Good vs. bad fats - how to tell them apart
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Everyone knows that eating too much fat is bad for your health, but just as many people know that fats are just plain confusing. There are good fats and bad fats and different types of each. Fats come from both animals and plants - and then there's cholesterol. No wonder some people just throw up their hands and give up. But it's not impossible to get a basic understanding of fat. Just keep reading and you'll be well on your way.
One thing that all fats have in common is the number of calories they produce inside your body; namely, nine per gram of fat eaten. To put that into context, a gram of protein equates to four calories and a gram of carbohydrate is also four. That is the sum total of everything you need to know about calories: fats = 9, protein = 4 and carbohydrate = 4 (calories per gram eaten). But please note well that every gram of fat provides more than twice the number of calories as does either protein or carbohydrate. So as an aside, you can readily see that cutting back fat is more beneficial on a gram per gram basis than cutting back other foods.
Fats come in two major types: bad and good. And each type has two subtypes. Bad fats are saturated and trans, which tend to be solid at room temperature (think of butter and lard), and good fats are mono-unsaturated and poly-unsaturated, which tend to be liquid at room temperature (think of vegetable oils). So if you can actually see the fat, like when you're shopping, it's easy to tell bad (solid) from good (liquid). The problem is you can't always see it, which is why you have to read the label.
First let's talk a bit about cholesterol, which also comes in bad and good types. We can eat cholesterol â€“ it only comes from animal-derived foods like meat, dairy products and eggs â€“ but even if you are a strict vegan (there's no cholesterol in plants), your body naturally makes the cholesterol it needs. Bad cholesterol (LDL) is associated with heart and artery disease (heart attack, stroke, atherosclerosis, hardening of the arteries). Good cholesterol (HDL) actually takes cholesterol away from your arteries and takes it to the liver for digestion and removal.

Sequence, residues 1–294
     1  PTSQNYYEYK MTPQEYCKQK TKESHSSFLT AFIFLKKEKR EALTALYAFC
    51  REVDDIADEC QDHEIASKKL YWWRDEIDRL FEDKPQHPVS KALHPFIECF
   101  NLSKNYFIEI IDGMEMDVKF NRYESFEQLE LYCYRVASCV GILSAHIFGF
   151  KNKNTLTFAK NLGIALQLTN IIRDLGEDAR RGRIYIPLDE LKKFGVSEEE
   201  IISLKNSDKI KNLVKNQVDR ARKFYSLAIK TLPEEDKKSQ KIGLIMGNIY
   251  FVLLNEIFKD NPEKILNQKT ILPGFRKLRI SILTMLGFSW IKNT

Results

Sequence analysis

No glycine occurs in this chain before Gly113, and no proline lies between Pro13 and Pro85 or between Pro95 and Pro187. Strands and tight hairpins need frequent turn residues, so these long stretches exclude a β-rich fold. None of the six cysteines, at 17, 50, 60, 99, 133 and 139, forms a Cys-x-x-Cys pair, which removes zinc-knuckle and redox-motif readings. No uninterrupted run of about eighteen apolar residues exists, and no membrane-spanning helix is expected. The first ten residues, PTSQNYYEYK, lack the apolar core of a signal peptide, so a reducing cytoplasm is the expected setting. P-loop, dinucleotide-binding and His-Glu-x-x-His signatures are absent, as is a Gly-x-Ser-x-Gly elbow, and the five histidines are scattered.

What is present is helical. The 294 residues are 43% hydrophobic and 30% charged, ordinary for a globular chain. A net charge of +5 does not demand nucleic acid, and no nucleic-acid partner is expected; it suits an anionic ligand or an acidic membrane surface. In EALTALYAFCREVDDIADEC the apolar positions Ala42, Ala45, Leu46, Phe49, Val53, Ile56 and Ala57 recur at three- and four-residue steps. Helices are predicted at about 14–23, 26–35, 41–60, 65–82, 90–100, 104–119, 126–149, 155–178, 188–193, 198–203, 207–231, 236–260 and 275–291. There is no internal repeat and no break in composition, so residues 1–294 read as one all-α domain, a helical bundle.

Bad fats (saturated and trans) raise the levels of bad cholesterol. Moreover, bad fat-containing foods also tend to be high in cholesterol (so you get a double whammy: you eat cholesterol and the bad fats raise your cholesterol). Trans fats also lower good cholesterol. Good fats (mono and poly-unsaturated) don't raise bad cholesterol and, when eaten in moderation, actually are beneficial.
What foods contain the bad saturated and trans fats? Saturated fats most often come from animal sources: meat and dairy products (these also contain cholesterol). Some vegetable oils, like palm and coconut) contain saturated fats (they don't contain cholesterol). These oils are an exception to the rule noted above that visibly liquid fats are always good. Saturated fats can also be added to processed foods such as cakes, cookies, pies, chips, butter and salad dressings (including mayonnaise). Please also remember that ice cream is a dairy product containing lots of saturated fat.
Trans fats are almost always man-made. They are sometimes listed on food labels as hydrogenated and partially hydrogenated vegetable oil (they actually take good fat and make it bad!). Because trans fats are both bad and hidden (they're man-made and added to processed foods so you can't see them), there's been much effort recently to get rid of them. The types of foods most likely to contain trans fats are cakes, cookies, crackers, pies, margarine, French fries, fried foods, chips, shortening, cereal and candy.
Examples of foods high in monounsaturated fats include vegetable oils such as olive oil, canola oil, peanut oil, sunflower oil and sesame oil. Other sources include avocados, peanut butter, and many nuts and seeds. Foods high in polyunsaturated fat include a number of vegetable oils, including soybean oil, corn oil and safflower oil, as well as fatty fish such as salmon, mackerel, herring and trout. Other sources include some nuts and seeds. The omega-3 and 6 fatty acids are polyunsaturated oils and are the ones contained in the fatty fish just mentioned.
In summary, bad fats are saturated fats (that may also contain cholesterol) and trans fats, both of which raise bad cholesterol. Saturated fats tend to be solid at room temperature and are easy to see when in their solid form, but can also be hidden in many processed foods. Good fats are unsaturated (mono and poly), tend to be liquid at room temperature, and tend to be found in vegetables (including nuts and seeds) and in some fish.
Next time, we'll take a look at fats in the diet, how much of the different types of fats should you eat and how to figure it all out.
There's lots of great information on fats and diet at the
Video: Good Fats & Bad Fats
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